• It can reduce the impact of the wind and waves on your boat, which may be more manageable and safer for some boats and crew.

Some disadvantages of using a drogue are:

  • It can increase your drift in an open sea or current.
  • It can keep your boat running with the wind and waves, which may be less comfortable and stable for some boats and crew.
  • It can allow your boat to be pushed onto a lee shore or into a dangerous area.
  • It can limit your ability to manoeuvre and change course.

The above answers were drafted by sailboat-cruising.com using GPT-4 (OpenAI’s large-scale language-generation model) as a research assistant to develop source material; to the best of our knowledge,  we believe them to be accurate.

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What Size Sea Anchor Do I Need?

The size of your sea anchor depends on your boat’s size and weight. For parachute anchors, diameters range from 6-20 feet. For series drogues, size is determined by the number of drogues. More drogues or larger diameters create more drag, helping maintain boat position in various sea conditions.

There is one fundamental difference between sea anchors and drogues which is the placement of them from the bow or stern.

I’m going to cover sizing for both so you don’t end up with more questions than answers.

In all boating activities, safety is paramount. A sea anchor or drogue is one of the least spoken about and yet important life-saving appliances . 

Key Takeaways

Factors to consider when sizing a sea anchor.

Before determining what size sea anchor is needed for your boat, it’s beneficial to refresh your knowledge with this introduction to sea anchor use .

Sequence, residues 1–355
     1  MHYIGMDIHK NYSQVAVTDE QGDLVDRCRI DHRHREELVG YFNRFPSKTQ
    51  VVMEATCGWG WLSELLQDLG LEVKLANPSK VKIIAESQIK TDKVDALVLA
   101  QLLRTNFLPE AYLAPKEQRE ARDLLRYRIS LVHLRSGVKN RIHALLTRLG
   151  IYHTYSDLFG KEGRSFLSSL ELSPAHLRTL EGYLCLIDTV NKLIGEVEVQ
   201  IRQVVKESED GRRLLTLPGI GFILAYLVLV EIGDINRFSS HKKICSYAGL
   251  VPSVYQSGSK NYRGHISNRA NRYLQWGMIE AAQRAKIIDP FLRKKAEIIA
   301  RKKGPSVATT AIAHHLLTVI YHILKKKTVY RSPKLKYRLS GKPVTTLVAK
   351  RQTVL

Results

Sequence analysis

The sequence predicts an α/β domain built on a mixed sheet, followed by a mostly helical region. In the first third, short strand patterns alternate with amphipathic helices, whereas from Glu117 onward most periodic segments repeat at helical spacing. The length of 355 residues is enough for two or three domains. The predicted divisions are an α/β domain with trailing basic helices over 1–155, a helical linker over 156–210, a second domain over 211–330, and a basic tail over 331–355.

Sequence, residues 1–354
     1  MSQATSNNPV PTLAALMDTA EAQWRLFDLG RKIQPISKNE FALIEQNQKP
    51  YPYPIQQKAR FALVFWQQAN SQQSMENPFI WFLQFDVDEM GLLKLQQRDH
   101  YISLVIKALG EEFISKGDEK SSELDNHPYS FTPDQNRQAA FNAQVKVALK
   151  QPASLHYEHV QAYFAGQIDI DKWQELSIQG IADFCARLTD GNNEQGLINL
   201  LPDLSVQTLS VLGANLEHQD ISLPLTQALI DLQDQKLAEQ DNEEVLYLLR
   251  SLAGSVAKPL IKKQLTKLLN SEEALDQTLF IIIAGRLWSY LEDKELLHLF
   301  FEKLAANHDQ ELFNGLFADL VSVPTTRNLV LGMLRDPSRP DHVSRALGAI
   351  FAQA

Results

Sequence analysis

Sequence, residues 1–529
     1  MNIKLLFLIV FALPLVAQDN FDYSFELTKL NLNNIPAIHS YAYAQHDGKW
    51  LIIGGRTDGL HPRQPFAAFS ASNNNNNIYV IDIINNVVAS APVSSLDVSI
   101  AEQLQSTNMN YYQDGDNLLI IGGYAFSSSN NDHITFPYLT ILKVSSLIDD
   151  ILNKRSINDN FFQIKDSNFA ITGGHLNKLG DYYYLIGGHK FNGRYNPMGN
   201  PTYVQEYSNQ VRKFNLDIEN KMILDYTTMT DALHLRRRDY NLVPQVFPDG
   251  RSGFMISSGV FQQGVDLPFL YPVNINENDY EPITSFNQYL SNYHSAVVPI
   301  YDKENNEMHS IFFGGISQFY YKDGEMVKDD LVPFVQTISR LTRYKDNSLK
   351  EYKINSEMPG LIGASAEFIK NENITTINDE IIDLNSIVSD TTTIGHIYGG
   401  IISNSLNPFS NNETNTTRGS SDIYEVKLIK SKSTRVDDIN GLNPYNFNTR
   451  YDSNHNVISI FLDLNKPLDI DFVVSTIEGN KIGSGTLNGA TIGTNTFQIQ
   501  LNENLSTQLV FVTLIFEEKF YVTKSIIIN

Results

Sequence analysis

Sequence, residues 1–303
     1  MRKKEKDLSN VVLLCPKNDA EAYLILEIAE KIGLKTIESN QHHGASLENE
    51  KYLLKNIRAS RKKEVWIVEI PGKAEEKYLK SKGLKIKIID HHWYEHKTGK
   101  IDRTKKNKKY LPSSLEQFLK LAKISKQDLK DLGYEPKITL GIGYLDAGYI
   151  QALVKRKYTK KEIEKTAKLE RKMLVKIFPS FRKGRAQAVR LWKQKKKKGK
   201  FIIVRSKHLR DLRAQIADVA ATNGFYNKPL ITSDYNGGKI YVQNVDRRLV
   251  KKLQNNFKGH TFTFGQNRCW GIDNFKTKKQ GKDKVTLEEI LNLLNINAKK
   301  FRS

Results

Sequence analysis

Sea anchors, commonly parachute anchors, are used to keep boats facing wind and waves. They open like parachutes in water, maintaining rode tension.

Made of lightweight materials like nylon or Dacron, their size, determined by diameter (6-20 feet), depends on the boat’s size and weight. They’re used in open seas to hold the boat’s position in moderate to high conditions.

That being said, the factors that must be considered when selecting a sea anchor are:

Boat Size And Weight

The boat’s size and weight are critical factors when choosing a sea anchor. 

The larger the boat, the larger the sea anchor required to provide adequate drag to slow it down. 

The boat’s weight also affects the size of the sea anchor needed. A heavier boat requires a larger sea anchor to create enough drag to slow it down.

The Weather Conditions

The size and shape of a sea anchor will also depend on the specific conditions in which it will be used. A larger sea anchor may be needed to provide adequate drag in particularly rough waters.

A sea anchor that is too small for the conditions will not provide enough drag to slow the boat down or help it maintain direction, while one that is too large may be difficult to handle, deploy, and retrieve.